Brian Fletcher, Stanford Law School Supreme Court Clinic, 917.453.9477, bfletcher@stanford.edu 

    Salt Lake City – Today, the US Supreme Court denied requests by the US Solicitor General and the State of Utah to overturn a 2019 decision that granted two conservation groups, Southern Utah Wilderness Alliance and The Wilderness Society, the right to intervene in a sweeping series of lawsuits that threatens to riddle the state’s wildest public lands with roads.

    In what are known as petitions for writ of certiorari, the United States and Utah attempted to overturn a decision by the Tenth Circuit Court of Appeals by contending that the conservation groups’ undeniable interests in southern Utah’s remarkable red rock wilderness were insufficient to permit intervention in the litigation. The Supreme Court denied the petitions in an unsigned order issued this morning.

    “We’re pleased the Supreme Court denied these petitions and look forward to vigorously defending our members’ and the United States’ interests in the wildest, most remote corners of southern Utah,” said Stephen Bloch, legal director for the Southern Utah Wilderness Alliance. “The State’s litigation, claiming highways in stream bottoms and cow paths, has always been about who controls federal public lands in Utah, with the goal to riddle these landscapes with roads and make them ineligible for congressional Wilderness designation. This absolutely cuts to the core of our mission.”

    A State of Utah R.S. 2477 claim in the Paria River streambed (Grand Staircase-Escalante National Monument and Paria-Hackberry Wilderness Study Area). Photo © Ray Bloxham/SUWA

    “We are focused on using science and common sense to protect our land, our air, and our water for the health of our communities and for future generations,” said Phil Hanceford, Conservation Director at The Wilderness Society. “Today’s decision not to review our participation in this important case recognized that our input is valuable when decisions are made about the impacts development could have on our shared public lands. There are appropriate places for roads, but cutting through Utah’s spectacular red rock wildlands and creek beds are not those places.”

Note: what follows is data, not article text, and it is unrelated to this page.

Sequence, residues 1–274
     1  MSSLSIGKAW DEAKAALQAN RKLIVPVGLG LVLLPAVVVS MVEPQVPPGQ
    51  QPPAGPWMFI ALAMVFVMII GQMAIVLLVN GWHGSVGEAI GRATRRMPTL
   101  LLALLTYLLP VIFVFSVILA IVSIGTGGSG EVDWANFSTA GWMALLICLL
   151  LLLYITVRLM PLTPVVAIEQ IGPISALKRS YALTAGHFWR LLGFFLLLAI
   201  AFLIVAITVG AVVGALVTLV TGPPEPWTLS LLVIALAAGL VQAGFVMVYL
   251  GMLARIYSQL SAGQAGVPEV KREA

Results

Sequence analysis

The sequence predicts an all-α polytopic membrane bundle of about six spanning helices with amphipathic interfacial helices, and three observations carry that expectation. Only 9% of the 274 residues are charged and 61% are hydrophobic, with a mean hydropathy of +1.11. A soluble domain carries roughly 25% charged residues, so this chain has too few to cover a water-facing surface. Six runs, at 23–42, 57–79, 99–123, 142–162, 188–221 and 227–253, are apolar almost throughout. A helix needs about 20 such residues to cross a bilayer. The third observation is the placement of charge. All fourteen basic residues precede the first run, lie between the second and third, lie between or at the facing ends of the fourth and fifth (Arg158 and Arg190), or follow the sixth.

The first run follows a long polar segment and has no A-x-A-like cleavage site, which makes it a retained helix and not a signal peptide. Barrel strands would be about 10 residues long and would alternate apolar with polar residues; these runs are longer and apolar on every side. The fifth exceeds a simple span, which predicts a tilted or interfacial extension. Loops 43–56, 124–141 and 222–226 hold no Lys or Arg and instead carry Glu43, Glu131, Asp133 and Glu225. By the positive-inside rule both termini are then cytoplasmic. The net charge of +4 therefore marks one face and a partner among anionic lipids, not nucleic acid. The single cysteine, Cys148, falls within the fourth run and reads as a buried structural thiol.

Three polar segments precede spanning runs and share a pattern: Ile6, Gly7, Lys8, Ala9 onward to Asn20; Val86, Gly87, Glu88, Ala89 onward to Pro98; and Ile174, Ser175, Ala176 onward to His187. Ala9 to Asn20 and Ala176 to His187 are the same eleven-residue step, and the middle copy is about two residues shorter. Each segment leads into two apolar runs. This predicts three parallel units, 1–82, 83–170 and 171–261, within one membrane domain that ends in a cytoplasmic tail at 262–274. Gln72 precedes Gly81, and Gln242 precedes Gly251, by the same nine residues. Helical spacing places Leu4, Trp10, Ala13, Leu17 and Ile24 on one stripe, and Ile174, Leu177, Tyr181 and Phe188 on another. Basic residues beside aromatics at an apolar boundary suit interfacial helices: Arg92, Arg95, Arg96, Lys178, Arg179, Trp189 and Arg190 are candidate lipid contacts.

The conservation groups had sought to intervene in the litigation to defend the United States’ title in so-called R.S. 2477 rights of way, referring to an obscure provision in the 1866 Mining Act that authorized the construction of highways across the western frontier to support settlement and development. Utah has weaponized this long-repealed law to file more than 20 lawsuits alleging more than 12,000 rights of way totaling more than 32,000 miles across federal public lands in the state. Rather than constitute any kind of a reasonable rural transportation network, the vast majority of these claimed highways are in fact unmaintained dirt two-tracks, cow paths and stream bottoms. Thousands of miles of Utah’s claimed highways are located in national parks, national monuments, designated wilderness areas, and other wild Utah lands.

    Southern Utah Wilderness Alliance and The Wilderness Society are represented by Jeffrey Fisher, Brian Fletcher and Pamela Karlan at Stanford Law School’s Supreme Court Litigation Clinic; Chad Derum and Trevor Lee at the Salt Lake City law firm Manning Curtis Bradshaw & Bednar; and Stephen Bloch and Michelle White at the Utah-based Southern Utah Wilderness Alliance.

  • December 10th, 2019
    Mojave Desert Tortoise Graphic

    Utah’s public lands are facing death by a thousand cuts. And now the Red Cliffs National Conservation Area (NCA) near St. George—home to the densest population of threatened Mojave desert tortoise anywhere on earth—is on the chopping block.

    The Bureau of Land Management (BLM) is being pressured by Washington County, Utah, to let the State of Utah build a four-lane highway through the heart of the Red Cliffs National Conservation Area.

    They’re  hoping to sneak this proposal through during the holiday season—and they’ve given just 30 days for the public to comment.